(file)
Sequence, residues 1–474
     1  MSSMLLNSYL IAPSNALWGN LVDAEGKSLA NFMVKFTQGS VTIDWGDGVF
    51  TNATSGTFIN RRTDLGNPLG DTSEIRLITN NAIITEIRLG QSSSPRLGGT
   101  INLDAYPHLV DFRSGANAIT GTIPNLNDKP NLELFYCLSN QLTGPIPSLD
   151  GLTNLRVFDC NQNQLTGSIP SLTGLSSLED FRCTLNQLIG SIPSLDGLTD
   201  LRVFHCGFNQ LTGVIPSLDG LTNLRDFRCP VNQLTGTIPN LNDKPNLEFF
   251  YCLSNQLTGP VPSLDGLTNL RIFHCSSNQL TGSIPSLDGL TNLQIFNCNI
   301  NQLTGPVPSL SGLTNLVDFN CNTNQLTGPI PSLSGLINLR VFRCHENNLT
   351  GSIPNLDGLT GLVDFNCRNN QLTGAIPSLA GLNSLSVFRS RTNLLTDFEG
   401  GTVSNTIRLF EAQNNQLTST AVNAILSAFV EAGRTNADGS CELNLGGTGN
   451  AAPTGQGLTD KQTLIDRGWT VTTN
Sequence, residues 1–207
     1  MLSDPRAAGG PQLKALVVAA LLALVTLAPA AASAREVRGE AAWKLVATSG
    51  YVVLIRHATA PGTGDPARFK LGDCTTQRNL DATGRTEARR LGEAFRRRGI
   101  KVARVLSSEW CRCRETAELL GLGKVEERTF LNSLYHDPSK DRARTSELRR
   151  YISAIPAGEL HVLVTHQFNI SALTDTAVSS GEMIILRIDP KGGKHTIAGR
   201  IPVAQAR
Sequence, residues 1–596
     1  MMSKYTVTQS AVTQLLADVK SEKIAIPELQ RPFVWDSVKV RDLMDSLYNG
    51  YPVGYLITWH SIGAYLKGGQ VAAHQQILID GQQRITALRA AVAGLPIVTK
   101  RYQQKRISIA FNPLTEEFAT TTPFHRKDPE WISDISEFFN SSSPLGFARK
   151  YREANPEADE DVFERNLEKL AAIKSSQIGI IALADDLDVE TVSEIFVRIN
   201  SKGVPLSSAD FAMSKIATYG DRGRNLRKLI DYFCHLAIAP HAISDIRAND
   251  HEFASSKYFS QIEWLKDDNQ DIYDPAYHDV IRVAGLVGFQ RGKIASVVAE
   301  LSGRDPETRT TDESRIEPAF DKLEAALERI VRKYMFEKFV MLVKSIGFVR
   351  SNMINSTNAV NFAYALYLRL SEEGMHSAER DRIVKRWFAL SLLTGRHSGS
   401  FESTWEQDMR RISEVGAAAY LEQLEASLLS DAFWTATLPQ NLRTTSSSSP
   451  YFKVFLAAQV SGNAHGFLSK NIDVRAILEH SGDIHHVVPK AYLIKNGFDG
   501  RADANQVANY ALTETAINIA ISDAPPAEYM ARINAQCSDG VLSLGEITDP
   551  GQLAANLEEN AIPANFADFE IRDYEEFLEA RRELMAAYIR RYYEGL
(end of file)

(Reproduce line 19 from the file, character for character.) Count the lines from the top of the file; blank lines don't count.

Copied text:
     1  MMSKYTVTQS AVTQLLADVK SEKIAIPELQ RPFVWDSVKV RDLMDSLYNG